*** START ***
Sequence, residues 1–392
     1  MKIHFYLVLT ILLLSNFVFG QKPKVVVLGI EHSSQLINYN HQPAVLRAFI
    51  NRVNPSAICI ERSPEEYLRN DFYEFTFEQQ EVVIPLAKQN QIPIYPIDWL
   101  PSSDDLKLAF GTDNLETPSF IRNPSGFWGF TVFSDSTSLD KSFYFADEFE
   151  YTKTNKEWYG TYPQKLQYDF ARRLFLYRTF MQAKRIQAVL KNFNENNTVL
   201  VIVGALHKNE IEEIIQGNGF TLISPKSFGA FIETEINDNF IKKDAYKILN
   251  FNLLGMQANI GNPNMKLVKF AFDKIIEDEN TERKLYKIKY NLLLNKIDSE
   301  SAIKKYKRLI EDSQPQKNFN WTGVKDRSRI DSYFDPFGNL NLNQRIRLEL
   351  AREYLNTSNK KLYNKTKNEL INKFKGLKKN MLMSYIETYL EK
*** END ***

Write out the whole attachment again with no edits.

Sequence, residues 1–392
     1  MKIHFYLVLT ILLLSNFVFG QKPKVVVLGI EHSSQLINYN HQPAVLRAFI
    51  NRVNPSAICI ERSPEEYLRN DFYEFTFEQQ EVVIPLAKQN QIPIYPIDWL
   101  PSSDDLKLAF GTDNLETPSF IRNPSGFWGF TVFSDSTSLD KSFYFADEFE
   151  YTKTNKEWYG TYPQKLQYDF ARRLFLYRTF MQAKRIQAVL KNFNENNTVL
   201  VIVGALHKNE IEEIIQGNGF TLISPKSFGA FIETEINDNF IKKDAYKILN
   251  FNLLGMQANI GNPNMKLVKF AFDKIIEDEN TERKLYKIKY NLLLNKIDSE
   301  SAIKKYKRLI EDSQPQKNFN WTGVKDRSRI DSYFDPFGNL NLNQRIRLEL
   351  AREYLNTSNK KLYNKTKNEL INKFKGLKKN MLMSYIETYL EK